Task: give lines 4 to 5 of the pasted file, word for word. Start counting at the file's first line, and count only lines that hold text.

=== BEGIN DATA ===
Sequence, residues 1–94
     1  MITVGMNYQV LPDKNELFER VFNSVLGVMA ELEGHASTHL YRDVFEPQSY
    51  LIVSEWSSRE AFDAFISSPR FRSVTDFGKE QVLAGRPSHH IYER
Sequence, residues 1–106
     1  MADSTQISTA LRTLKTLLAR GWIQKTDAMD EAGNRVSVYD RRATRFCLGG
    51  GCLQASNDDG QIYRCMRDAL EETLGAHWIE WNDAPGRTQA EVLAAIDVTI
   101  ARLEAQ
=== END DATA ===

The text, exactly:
Sequence, residues 1–106
     1  MADSTQISTA LRTLKTLLAR GWIQKTDAMD EAGNRVSVYD RRATRFCLGG